Is Boredom Causing You to Pull?
You’re watching tv, staring at the screen, barely registering what you’re watching. You’re listening to your teacher, or your boss, going on and on and you can’t even fathom what he’s talking about. Your hands stray to your hair, spurred on by an irresistible urge to tug, to pluck. You yank out your hair and feel an immense sense of relief. You can’t stop. You do it again…and again, day after day, week after week. Bald spots appear and still…you can’t stop yourself. YOU ARE NOT ALONE!
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What are Triggers?
Trichotillomania is a disorder that causes people to pull out their hair from their scalp, eyelashes, eyebrows, arms, legs, chest or anywhere else on their bodies resulting in bald patches. Reportedly triggered by boredom, stress, frustration and anxiety, chronic hair pulling can be the bane of one’s life. But what are triggers and how does it work? A trigger is an event, situation or feeling that signals the neural pathways to react in a certain way. People who pick out of boredom may be sensory seeking, meaning that their neural pathway craves constant stimulation. They may find that during times of inactivity or passive activity there is an increased tendency to pick. This is because the inactivity is a trigger for the neural pathway to seek out sensory stimulation. On the other hand, picking during boredom may be an indication of underlying anxiety whereby the person feels overwhelmed by anxious thoughts and feelings, which they are usually distracted from by keeping active and busy. During times of passivity the mind becomes preoccupied by these negative thoughts and emotions and this then triggers the urge to pick.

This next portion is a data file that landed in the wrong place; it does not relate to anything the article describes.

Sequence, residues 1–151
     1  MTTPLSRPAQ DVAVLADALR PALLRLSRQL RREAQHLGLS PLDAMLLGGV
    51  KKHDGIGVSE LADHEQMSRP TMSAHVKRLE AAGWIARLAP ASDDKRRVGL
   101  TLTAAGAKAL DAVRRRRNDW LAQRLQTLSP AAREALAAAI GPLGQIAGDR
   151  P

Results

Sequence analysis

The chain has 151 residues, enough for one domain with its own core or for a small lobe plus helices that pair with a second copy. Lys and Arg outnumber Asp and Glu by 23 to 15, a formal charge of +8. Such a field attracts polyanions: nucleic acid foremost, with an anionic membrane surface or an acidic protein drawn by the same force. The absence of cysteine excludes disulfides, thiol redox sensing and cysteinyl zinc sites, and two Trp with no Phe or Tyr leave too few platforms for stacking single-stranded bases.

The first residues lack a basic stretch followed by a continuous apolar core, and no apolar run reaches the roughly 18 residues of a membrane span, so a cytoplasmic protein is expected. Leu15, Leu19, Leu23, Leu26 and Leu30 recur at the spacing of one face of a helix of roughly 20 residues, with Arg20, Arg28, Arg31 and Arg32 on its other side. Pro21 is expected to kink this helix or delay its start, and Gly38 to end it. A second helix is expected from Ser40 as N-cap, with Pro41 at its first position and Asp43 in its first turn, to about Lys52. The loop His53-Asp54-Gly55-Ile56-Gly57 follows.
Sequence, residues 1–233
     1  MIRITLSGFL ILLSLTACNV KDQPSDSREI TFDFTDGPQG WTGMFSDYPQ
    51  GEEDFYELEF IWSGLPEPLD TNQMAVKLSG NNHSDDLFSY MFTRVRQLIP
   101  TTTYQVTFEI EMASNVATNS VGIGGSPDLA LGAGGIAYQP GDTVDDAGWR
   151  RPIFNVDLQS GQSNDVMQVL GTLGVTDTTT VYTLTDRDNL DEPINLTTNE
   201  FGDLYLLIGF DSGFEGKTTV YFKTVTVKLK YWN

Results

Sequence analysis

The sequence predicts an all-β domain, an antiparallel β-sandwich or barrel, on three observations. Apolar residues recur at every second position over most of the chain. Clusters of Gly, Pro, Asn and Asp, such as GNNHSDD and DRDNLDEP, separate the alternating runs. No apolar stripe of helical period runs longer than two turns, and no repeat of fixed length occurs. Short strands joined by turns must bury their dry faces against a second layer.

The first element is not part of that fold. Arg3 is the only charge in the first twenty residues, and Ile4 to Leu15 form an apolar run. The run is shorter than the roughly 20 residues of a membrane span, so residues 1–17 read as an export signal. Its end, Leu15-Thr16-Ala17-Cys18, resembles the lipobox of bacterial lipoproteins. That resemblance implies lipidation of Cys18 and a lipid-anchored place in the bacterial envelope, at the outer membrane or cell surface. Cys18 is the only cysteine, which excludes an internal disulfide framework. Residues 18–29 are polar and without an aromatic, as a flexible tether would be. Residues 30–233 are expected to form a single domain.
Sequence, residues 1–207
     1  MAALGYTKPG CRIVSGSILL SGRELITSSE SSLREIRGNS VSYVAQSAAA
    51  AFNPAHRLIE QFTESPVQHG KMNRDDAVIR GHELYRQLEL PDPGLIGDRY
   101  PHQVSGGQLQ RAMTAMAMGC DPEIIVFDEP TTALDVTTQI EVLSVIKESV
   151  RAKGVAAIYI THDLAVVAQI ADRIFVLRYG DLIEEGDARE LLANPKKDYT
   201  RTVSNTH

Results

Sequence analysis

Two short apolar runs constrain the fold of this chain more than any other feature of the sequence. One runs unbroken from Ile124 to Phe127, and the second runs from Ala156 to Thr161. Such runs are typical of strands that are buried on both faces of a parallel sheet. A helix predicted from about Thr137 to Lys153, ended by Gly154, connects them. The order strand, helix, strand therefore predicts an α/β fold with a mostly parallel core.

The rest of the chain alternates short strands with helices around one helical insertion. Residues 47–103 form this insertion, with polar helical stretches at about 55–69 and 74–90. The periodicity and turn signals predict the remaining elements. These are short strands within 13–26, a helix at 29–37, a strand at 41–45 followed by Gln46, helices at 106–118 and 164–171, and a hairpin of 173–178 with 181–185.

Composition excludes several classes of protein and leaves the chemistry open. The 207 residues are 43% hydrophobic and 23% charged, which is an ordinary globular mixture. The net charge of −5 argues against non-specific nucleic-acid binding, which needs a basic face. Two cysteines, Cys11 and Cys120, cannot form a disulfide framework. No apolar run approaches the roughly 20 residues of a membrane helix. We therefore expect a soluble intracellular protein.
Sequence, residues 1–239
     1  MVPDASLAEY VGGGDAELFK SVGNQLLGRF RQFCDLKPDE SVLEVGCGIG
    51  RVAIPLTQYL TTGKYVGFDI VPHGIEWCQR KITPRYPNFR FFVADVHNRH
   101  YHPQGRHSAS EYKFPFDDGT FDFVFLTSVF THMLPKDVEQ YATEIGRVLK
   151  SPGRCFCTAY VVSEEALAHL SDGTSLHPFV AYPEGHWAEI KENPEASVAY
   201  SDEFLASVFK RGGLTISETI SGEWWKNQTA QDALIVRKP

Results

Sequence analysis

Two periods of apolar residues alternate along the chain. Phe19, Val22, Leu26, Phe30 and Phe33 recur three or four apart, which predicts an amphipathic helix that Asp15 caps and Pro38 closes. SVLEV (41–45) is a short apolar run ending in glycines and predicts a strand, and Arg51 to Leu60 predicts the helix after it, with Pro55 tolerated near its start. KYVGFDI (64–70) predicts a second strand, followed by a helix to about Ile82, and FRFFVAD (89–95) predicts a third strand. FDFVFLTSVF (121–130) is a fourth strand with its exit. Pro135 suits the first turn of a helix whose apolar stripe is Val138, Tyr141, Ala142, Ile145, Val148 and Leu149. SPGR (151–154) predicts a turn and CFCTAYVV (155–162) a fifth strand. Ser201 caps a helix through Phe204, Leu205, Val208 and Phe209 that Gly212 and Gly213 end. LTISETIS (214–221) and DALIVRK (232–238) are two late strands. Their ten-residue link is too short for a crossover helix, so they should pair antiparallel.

It takes a conscious decision and the help of people around you, to help you recognize the situations and contexts in which you tend to pick and help you find ways to resolve these, but is is a fundamental aspect of any Cognitive Behvioural Therapy (CBT) program for trichotillomania. With scholars, this behaviour could be indicative of a child who’s struggling academically, or is not being extended or stimulated within the classroom. There could be frustration stemming from a lack of understanding of teaching processes or content that is being taught. It could also be an indicator of being bullied or suffering emotional turmoil from having friendship issues. For an adult it may be financial, relationship or work issues. It is important to be supportive of people who are prone to hair pulling and help them gain awareness of their condition. If you are the sufferer it is important that you reach out to someone you trust and realise that you are not alone and it is not your fault.